In Equities, which includes Equities Client Execution, Commissions and Fees and Security Services, net revenues for the fourth quarter were $1.7 billion, down 27% sequentially. Equities Client Execution revenues were down 42% to $526 million due to decreased client activity, particularly in derivative products. Commissions and Fees were $782 million, down 23% from the third quarter on lower market volumes. Security services' net revenues of $385 million were down 6% sequentially given seasonally lower activity levels. For the full year, Equities produced net revenues of $8.3 billion, up 2% from 2010.

Turning to Risk. Average daily value at Risk in the fourth quarter was $135 million, higher than the third quarter, due to significantly greater volatility in the interest rate category.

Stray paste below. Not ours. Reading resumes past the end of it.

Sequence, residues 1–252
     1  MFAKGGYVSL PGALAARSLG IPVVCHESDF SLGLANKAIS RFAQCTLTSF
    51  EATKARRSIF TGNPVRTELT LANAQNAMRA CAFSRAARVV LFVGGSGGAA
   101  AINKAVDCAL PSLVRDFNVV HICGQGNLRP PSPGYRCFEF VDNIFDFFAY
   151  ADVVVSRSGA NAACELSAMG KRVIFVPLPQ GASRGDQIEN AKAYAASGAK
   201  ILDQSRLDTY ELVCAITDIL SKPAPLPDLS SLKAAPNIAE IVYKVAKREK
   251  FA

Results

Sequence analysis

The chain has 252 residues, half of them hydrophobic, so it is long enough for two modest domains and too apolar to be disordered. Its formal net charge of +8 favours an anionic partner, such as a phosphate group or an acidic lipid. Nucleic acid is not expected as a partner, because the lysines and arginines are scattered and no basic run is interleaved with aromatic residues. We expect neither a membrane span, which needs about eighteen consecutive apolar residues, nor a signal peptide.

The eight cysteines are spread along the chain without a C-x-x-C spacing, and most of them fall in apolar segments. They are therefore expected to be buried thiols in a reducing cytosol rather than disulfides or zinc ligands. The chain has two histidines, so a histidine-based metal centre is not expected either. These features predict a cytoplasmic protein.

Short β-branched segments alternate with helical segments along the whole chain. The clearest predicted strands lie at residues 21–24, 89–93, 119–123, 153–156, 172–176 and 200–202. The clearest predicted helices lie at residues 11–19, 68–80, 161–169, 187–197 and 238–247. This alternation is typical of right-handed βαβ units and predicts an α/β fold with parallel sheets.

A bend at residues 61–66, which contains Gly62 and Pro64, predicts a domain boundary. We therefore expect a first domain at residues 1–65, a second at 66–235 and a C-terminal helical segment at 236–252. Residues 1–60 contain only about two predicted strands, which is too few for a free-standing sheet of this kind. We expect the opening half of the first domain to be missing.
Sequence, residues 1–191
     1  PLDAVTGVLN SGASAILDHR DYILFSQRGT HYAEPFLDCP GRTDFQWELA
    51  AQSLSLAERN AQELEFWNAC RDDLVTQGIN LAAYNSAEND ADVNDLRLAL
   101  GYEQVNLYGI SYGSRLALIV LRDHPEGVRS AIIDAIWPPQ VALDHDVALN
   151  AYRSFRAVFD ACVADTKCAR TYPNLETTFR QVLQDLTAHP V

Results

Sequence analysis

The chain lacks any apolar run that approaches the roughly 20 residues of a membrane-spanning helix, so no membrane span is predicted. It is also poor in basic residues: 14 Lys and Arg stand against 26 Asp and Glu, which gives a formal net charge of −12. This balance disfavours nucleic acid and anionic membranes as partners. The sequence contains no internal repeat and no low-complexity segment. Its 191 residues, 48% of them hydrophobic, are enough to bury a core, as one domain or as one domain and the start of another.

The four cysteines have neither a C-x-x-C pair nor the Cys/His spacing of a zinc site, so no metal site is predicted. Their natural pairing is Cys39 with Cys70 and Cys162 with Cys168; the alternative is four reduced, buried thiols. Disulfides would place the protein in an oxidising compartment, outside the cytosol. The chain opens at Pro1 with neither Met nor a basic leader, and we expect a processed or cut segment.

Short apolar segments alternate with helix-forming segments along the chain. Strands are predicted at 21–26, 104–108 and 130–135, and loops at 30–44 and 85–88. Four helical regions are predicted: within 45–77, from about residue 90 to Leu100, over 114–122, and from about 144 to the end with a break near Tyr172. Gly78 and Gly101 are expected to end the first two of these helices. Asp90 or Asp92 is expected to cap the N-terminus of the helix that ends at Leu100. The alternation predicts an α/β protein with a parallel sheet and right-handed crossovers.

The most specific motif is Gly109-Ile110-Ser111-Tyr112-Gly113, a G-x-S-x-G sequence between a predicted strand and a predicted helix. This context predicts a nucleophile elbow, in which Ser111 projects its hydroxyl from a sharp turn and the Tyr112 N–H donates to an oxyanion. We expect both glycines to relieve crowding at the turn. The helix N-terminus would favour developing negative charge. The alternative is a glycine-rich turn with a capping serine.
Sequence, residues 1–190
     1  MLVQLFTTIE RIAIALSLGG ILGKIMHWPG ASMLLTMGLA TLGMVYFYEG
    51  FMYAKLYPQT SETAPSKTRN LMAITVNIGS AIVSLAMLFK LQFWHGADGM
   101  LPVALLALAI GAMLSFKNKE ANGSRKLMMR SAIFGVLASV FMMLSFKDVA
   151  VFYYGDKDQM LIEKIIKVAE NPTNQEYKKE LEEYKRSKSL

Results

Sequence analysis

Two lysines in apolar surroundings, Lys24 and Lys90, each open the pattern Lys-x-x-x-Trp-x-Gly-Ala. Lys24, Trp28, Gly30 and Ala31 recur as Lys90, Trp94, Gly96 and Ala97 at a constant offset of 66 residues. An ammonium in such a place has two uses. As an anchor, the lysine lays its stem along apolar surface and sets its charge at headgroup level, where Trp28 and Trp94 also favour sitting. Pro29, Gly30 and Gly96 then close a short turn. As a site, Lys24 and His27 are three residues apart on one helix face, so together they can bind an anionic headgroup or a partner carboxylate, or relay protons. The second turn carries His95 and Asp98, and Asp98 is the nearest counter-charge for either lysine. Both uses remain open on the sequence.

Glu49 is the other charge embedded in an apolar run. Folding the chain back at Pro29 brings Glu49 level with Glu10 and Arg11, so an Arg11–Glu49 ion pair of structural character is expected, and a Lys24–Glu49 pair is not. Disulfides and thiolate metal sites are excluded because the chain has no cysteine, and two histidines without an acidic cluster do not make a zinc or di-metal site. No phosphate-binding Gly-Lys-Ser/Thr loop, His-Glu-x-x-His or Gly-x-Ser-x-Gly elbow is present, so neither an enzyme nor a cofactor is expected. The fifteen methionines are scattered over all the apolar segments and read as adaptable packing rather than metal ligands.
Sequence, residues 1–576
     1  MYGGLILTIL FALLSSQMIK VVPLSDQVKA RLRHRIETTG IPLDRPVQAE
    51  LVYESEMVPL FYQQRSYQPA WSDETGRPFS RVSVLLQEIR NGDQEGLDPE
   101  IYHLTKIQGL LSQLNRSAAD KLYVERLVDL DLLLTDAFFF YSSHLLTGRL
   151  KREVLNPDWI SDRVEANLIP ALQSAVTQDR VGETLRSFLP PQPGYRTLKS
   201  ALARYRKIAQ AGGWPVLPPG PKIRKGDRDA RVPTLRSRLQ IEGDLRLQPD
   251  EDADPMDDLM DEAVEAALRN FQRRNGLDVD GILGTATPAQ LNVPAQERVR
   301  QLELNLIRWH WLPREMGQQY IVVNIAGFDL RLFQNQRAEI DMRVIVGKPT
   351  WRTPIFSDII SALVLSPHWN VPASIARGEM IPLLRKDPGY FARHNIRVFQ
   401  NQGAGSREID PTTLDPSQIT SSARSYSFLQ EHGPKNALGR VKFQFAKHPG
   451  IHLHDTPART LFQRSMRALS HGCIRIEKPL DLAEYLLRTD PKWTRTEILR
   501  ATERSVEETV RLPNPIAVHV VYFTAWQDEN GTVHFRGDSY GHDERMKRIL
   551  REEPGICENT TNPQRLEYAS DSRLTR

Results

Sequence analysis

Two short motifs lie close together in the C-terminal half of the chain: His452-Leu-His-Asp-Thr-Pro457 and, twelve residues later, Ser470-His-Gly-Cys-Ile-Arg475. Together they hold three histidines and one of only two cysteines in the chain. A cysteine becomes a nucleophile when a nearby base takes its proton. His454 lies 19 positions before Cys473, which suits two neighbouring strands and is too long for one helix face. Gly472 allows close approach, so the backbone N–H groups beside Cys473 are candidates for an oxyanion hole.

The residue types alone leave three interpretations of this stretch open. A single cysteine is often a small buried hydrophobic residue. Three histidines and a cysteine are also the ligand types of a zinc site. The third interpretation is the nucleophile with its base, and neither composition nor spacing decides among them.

Now I'll review Investing & Lending, which produced revenues of $872 million in the fourth quarter. The firm's Investing & Lending activities across various asset classes, primarily including debt securities and loans and equities -- and equity securities are included in this segment. These activities include both direct investing and investing through funds as well as lending activities. Our investment in ICBC produced a $388 million gain in the quarter. Other equity investment generated a $384 million gain, largely reflecting gains on public equity investments. Losses from debt securities and loans were $221 million, driven by losses on relationship loans, including the effect of hedges. Other revenues of $321 million consist primarily of operating revenues from our consolidated investment entities. For the full year, Investing & Lending generated net revenues of $2.1 billion, driven by $1.1 billion in gains from other equity investments and $1.4 billion of revenues from other investments, which was partially offset by $517 million in losses from ICBC investment.